Cha-Cha Chow

Samba Room

The provenance of some of the other dishes may seem less clear, making diners wonder how "Latin" the food really is. Samba Room, itself named after a Brazilian dance, has appropriated a number of Brazilian recipes, including xinxim, a stew comprising sautéed shrimp and chicken in coconut broth that has been thickened with crushed peanuts. This is one of my all-time favorite dishes, and Samba Room does an admirable if slightly salty job with it, ladling the plump shrimp and succulent, boneless chicken pieces over rice.

Anyone familiar with Brazil's colonial history knows that the Portuguese settled the country and then brought in African slaves. Xinxim offers a fine example of how those two cultures mingled to create an independent cuisine that doesn't feature many dishes of Spanish descent. However, no one would argue that Brazil is not Latin American, and my Brazilian friends assure me that, although they don't consider themselves Hispanic, they do call themselves Latin. So there's the distinction. Regardless, I'm not sure why the aforementioned fried-calamari appetizer, which was some of the tastiest squid I've had in a long time, is being billed as Brazilian. I would understand if the calamari were tenderized in coconut milk -- not buttermilk, as our server told us. In fact squid, while common in Spain, is so uncommon in South America that not a single cookbook I consulted, ranging from The Book of Latin American Cooking to Tasting Brazil, had a recipe for it.

I have a more decisive quibble with the jerk chicken wings appetizer, the "banana spliff" sundae, and the "Rasta rings" (onion rings) side dish. I don't care how far you stretch the definition: Jamaican is not Latin, it's Caribbean. Fixing the gaffe would be as simple as renaming the last two items, but jerk chicken wings are thoroughly Jamaican under any title. As for the onions, they were good if a little greasy. Their appearance at our table mixed with squid rings, however, was a clear sign that too many dishes were being deep-fried together. Someone's not paying attention to details.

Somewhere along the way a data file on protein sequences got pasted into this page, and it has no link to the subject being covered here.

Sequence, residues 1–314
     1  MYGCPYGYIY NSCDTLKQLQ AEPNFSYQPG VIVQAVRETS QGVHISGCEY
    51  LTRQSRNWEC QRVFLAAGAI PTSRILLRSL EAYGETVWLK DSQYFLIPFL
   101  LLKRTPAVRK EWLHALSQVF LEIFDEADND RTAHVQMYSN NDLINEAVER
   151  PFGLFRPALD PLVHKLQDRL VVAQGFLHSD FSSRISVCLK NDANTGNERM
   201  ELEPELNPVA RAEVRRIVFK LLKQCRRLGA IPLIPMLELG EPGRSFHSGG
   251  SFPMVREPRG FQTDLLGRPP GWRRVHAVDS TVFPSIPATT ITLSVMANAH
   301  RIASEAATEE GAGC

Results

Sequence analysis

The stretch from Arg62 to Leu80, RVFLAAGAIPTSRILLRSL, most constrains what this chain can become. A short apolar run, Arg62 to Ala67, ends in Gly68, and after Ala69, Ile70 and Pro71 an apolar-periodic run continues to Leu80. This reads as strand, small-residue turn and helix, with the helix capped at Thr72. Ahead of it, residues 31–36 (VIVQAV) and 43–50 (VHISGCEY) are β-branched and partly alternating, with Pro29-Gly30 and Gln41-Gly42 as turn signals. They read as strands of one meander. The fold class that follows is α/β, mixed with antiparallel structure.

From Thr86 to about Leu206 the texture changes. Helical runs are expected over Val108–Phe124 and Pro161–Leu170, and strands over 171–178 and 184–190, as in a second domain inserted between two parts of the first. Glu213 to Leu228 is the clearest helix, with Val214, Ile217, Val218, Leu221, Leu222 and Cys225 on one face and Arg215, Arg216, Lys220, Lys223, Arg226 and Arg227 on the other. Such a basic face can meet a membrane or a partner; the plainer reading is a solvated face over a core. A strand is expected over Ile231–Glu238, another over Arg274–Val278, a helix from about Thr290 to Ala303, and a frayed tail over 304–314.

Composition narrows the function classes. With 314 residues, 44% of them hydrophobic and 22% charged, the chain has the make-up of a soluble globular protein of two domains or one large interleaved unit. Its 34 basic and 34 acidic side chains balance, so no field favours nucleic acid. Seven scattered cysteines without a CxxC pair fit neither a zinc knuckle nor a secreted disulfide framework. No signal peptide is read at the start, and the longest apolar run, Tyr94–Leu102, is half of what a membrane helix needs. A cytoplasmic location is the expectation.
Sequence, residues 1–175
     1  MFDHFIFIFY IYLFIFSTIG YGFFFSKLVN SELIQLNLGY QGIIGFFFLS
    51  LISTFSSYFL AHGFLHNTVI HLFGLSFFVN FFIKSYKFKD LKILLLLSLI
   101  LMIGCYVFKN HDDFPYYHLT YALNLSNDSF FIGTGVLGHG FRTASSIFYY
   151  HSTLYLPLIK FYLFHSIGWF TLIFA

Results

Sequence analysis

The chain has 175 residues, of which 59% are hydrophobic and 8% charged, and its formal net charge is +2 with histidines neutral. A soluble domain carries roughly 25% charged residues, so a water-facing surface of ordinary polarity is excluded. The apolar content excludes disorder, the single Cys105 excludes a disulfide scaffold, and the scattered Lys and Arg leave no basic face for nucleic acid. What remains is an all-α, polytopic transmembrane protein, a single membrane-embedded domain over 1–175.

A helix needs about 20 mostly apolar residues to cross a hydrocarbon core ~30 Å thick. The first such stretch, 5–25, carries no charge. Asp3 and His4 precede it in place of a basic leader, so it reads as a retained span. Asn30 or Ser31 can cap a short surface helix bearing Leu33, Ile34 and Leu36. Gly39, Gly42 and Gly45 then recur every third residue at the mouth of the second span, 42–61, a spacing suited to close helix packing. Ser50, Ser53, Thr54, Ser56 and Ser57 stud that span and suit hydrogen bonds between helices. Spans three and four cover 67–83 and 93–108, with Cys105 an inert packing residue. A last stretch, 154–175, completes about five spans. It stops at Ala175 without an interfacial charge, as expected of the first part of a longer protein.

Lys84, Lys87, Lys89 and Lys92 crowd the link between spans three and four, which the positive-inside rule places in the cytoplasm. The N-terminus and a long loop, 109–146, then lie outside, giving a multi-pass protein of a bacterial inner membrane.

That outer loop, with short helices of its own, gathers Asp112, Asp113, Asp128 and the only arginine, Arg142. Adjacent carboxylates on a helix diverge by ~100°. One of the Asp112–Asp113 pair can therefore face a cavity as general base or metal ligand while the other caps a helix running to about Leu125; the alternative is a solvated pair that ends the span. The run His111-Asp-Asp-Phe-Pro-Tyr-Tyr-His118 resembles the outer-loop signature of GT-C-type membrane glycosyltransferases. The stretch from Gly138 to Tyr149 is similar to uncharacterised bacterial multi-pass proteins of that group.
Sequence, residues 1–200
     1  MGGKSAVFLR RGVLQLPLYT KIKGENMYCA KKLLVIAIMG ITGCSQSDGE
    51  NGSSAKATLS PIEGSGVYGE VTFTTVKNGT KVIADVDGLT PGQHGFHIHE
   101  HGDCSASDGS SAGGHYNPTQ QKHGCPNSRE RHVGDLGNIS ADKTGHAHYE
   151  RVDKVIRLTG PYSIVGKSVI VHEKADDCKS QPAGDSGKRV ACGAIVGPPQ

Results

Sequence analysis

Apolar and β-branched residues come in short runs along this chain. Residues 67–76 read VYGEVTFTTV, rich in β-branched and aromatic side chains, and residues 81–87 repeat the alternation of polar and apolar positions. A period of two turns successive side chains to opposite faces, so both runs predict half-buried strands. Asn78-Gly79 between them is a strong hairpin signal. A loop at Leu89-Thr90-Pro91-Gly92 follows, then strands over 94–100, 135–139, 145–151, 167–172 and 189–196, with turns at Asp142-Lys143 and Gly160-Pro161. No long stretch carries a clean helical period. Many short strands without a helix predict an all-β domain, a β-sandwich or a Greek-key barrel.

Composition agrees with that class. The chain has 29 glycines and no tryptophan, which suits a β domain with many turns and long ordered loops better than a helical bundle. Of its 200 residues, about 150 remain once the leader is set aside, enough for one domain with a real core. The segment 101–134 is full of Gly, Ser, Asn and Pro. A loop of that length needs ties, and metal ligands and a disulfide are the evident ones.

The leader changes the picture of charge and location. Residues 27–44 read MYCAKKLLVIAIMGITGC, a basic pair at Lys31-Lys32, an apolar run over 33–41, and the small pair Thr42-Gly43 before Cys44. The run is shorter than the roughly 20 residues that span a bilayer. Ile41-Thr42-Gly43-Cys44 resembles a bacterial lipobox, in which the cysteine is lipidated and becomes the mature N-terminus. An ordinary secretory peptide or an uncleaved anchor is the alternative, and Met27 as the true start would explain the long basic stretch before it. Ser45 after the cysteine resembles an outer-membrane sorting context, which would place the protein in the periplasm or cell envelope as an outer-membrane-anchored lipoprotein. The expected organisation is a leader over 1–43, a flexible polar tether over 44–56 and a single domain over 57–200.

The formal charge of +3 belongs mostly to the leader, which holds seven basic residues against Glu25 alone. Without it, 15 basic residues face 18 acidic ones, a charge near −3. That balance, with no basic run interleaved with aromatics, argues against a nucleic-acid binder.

The wait staff does some fast moves, but the choreography needs work
Melissa Jones
The wait staff does some fast moves, but the choreography needs work

Location Info


Samba Room

350 E. Las Olas Blvd.
Fort Lauderdale, FL 33301

Category: Restaurant > Central American

Region: Fort Lauderdale


Lunch and dinner Monday to Thursday from 11:30 a.m. till 11 p.m., Friday until midnight. Dinner Saturday from 5 p.m. till midnight, Sunday till 11 p.m.
350 E. Las Olas Blvd., Fort Lauderdale, 954-468-2000.

Latin fusion may be less welcome when it comes to sweets. I had no desire to sample a chocolate-ancho chile flourless cake; no matter how fashionable this trend is, I think chile-and-chocolate combinations should be reserved for mole sauces. And coconut crème brûlée sounded as if the grainy coconut would ruin the texture of the custard. We did extend our already excessively lengthy meal with a green apple-banana cobbler that was both tangy and mellow. It had a crunchy top and was served warm enough to melt the scoop of coconut ice cream that crowned it.

One of the best reasons to visit Samba Room, aside from some fairly yummy main courses, is for its cocktails. Cuba libres, mango daquiris, and caipirinhas (Brazilian mojitos), among others, are expertly mixed and garnished with pieces of sugar cane. Then if the restaurant is too busy to seat you, you can drink your dinner instead, reclining on one of the sidewalk sofas. While you lounge the staff will eventually clear the room and ready it for Latin dancing, which happens at midnight on Fridays and Saturdays. By that time the only problem you might have is your footwork, because that's when the Samba Room really lives up to its name.

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